In the automotive industry, it is difficult to assure that the extraction and original production of raw materials is done responsibly, because these processes occur so far up our supply chain and, therefore, are far outside of Ford’s direct control. Nonetheless, we are actively engaging with our industry, stakeholders and direct suppliers to address the risk of human rights abuses, including forced labor and human trafficking, deep in our supply chain.
A range of products and materials sourced from specific geographies have been identified and described by the U.S. Department of Labor as posing potential human rights concerns. Included on this list is charcoal from Brazil, which can be used to make pig iron, a key ingredient in steel production.
We take a proactive approach to addressing human rights concerns associated with these materials. Our response to the discovery that charcoal made with slave labor had entered our supply chain provides an example of how seriously we take this issue. It also exemplifies our approach to addressing the issue.
In 2006, Ford discovered that charcoal produced in Brazil with the use of slave labor had found its way into our supply chain through our purchase of pig iron. When we learned of the situation, we immediately stopped sourcing from the site that was identified in the investigation, but we continued dialogue with the supplier and helped them to develop management systems until such time as the supplier could ensure it was not supporting forced labor in the supply chain for pig iron. We then identified all potential points of entry for pig iron in the Ford value chain and engaged with all relevant suppliers, seeking assurances from them that forced labor was not employed anywhere in their value chain. This included an intensive mapping of five to six tiers of suppliers (including importers, exporters and trading companies) (see pig iron supply chain illustration below). We also requested additional detail regarding our Tier 1 suppliers’ systems for safeguarding human rights throughout their operations, including procurement. We continue to remain vigilant on this and other potential opportunities for slave labor or human trafficking to occur in our supply chain.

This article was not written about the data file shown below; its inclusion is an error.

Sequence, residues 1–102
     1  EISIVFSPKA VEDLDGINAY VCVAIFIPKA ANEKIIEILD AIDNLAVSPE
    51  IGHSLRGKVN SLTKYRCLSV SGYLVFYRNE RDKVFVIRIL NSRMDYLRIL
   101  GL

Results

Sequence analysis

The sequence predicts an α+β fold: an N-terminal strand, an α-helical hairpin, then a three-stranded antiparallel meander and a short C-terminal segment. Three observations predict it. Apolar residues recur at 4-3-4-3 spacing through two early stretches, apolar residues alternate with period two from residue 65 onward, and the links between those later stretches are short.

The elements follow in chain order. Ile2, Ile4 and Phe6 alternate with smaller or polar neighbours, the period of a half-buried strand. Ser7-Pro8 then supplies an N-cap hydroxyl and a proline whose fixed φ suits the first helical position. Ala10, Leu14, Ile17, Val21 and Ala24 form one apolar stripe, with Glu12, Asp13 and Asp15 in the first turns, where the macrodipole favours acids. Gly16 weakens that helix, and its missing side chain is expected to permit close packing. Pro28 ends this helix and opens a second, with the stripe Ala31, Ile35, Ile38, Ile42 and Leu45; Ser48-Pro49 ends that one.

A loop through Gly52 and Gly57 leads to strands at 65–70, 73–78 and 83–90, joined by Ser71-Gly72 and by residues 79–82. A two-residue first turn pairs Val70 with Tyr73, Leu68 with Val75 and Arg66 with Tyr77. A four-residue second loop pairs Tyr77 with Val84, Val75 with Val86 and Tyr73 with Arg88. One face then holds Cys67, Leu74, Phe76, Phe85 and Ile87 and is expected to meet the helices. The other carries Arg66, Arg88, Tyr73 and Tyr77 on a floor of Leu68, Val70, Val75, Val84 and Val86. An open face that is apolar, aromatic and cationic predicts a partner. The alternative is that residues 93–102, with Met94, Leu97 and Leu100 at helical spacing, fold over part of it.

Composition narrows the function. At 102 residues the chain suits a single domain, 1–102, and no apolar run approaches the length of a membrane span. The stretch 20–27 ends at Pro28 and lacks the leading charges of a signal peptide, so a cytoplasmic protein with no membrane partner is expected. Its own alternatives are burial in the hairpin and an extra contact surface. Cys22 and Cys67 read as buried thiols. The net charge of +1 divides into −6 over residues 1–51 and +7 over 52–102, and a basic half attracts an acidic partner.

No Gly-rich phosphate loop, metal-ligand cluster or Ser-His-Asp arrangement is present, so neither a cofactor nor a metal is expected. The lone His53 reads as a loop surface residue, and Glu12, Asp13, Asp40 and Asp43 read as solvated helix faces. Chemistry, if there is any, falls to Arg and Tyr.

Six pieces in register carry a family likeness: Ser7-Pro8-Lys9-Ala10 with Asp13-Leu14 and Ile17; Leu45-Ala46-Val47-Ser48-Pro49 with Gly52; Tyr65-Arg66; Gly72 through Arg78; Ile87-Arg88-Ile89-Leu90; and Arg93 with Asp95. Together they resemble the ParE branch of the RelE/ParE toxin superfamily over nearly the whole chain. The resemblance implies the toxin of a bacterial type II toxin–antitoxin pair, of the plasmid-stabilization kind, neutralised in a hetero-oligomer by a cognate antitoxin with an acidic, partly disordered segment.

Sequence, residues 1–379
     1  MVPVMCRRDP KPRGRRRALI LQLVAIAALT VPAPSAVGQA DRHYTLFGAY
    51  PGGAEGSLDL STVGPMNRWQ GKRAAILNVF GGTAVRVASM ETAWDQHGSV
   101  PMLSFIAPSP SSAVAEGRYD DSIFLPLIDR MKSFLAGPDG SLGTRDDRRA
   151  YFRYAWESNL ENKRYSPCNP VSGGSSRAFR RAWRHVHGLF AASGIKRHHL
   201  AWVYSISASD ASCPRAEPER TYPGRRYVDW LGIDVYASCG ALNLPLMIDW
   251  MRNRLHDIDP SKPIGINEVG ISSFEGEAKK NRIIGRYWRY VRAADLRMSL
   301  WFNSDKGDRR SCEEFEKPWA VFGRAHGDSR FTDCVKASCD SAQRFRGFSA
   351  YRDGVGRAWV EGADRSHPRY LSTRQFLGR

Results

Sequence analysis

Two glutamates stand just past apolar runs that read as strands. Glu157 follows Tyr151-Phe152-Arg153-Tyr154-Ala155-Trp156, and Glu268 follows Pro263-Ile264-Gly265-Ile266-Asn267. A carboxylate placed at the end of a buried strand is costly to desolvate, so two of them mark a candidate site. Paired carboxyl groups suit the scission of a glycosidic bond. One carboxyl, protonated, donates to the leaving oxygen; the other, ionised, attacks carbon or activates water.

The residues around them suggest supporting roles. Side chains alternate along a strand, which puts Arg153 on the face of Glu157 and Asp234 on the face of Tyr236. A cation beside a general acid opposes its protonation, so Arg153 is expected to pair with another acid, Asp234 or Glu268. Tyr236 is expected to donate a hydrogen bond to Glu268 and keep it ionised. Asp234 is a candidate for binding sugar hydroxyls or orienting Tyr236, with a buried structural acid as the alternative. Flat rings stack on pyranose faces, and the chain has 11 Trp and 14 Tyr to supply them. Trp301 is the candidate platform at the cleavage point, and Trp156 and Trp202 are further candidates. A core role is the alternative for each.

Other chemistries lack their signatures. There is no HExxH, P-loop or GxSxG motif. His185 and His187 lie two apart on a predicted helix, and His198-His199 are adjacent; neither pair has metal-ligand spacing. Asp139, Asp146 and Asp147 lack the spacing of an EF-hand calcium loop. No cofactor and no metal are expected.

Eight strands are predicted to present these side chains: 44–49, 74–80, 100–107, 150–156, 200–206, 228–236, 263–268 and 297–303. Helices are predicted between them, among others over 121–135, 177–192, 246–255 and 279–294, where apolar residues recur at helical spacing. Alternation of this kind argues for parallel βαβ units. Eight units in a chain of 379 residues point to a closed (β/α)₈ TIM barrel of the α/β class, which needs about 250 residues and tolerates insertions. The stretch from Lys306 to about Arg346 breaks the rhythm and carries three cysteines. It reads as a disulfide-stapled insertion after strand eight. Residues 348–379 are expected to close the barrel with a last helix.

In addition to working with our suppliers to ensure responsible procurement of this material, we also work with the U.S. State Department, the International Labour Organization and the governing committee of the Brazil’s National Pact to Eradicate Slave Labour to seek multilateral solutions that will help to validate information and improve transparency. Ultimately, we hope to enable responsible purchasing decisions throughout the supply chain.
Beginning in 2012, many companies manufacturing or selling products in the state of California are required to disclose their efforts (if any) to address the issue of forced labor and human trafficking, per the California Transparency in Supply Chains Act of 2010 (SB 657). This law was designed to increase the amount of information made available by companies, thereby allowing consumers to make better, more informed choices regarding the products they buy and the companies they choose to support.
Forced labor and human trafficking can take many forms, including child labor. Our Policy Letter 24: Code of Human Rights, Basic Working Conditions and Corporate Responsibility, makes it clear that we will not tolerate forced labor or child labor in our operations and we conduct internal audits of our manufacturing locations to ensure compliance We have instituted a number of actions to safeguard against human rights abuses, including forced labor in our supply chain. For example:
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